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Media Release
The Hon Dr Sharman Stone MP
Federal Member for Murray
Parliamentary Secretary to the Minister
for the Environment and Heritage

14 June 1999


With help from the Federal Government's Natural Heritage Trust, a major wildlife and bushland corridor is undergoing vital regeneration, linking Wet Tropics rainforest to the north and south of Kuranda to protect FNQ's endangered animals and native plants.

In Kuranda to visit the wildlife corridor and meet with local volunteers, Sharman Stone MP, Parliamentary Secretary to the Minister for Environment and Heritage, praised the efforts of the Kuranda EnviroCare Association in getting the project up and running.

"I am very impressed by the collegiate approach of the Kuranda community. It is fantastic to see local community, Landcare and conservation groups, and a Green Corps team, working as-one to revegetate and protect this unique wildlife corridor."

"In particular, the rainforest corridor will provide vital habitat for the critically endangered Southern Cassowary, which is under threat from encroaching urban development."

As part of the project volunteers will:

EnviroCare plan to revegetate an area of some 2000 ha, planting an estimated 70,000 trees to create a corridor 'safe-haven' 2kms wide and 10 kms in long.

"Collecting locally harvested native seed is vitally important to preserve the region's unique flora. Because it has already adapted to local climatic, hydrological and soil conditions it has the best chance of survival once planted. It also provides essential food for native wildlife and helps to reduce erosion," Sharman Stone said.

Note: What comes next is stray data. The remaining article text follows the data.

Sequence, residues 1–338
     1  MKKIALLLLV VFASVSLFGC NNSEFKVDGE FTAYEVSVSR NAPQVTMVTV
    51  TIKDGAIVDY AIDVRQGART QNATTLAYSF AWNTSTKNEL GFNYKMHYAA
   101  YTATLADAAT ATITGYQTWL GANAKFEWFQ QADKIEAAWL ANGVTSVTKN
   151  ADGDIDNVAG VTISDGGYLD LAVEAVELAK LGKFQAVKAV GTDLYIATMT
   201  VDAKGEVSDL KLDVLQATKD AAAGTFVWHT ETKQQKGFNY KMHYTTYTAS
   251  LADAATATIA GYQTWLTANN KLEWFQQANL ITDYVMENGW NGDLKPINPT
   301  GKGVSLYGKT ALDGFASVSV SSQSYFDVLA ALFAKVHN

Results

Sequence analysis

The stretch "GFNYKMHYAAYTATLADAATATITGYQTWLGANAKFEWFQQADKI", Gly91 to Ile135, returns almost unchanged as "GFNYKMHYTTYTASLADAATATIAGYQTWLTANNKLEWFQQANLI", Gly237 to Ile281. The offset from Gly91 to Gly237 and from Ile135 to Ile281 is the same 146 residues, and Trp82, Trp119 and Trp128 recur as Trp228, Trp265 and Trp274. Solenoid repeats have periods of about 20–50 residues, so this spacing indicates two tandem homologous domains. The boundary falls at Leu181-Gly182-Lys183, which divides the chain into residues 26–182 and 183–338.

To date the project has received widespread community support and interest with a Green Corps team working on-site, school demonstrations and potting and seed collection seminars, involving tourists and the Kuranda community, held regularly at the EnviroCare centre.

A monthly EnviroNews newsletter is also helping to raise awareness about the need to protect this valuable bushland and wildlife corridor and the vital community conservation works.

The project commenced in 1997-98, and to date has received $145,000 in Federal Government funding through the Natural Heritage Trust. A further $75,000 has been sought as part of the 1999-2000 funding round.

Over the life of the project, works are expected to total around $485,000.

The $1.25 billion Natural Heritage Trust is the largest environmental rescue package ever undertaken by an Australian Government. For further information or to apply for funding please contact the Natural Heritage Trust freecall hotline on 1800 065 823.

For further information please contact:
Nicole Johnston, Assistant Adviser, 02 6277 2016 or 0419 219 415
or Ms Jax Bergersen, Secretary EnviroCare, 07 4093 7570

Commonwealth of Australia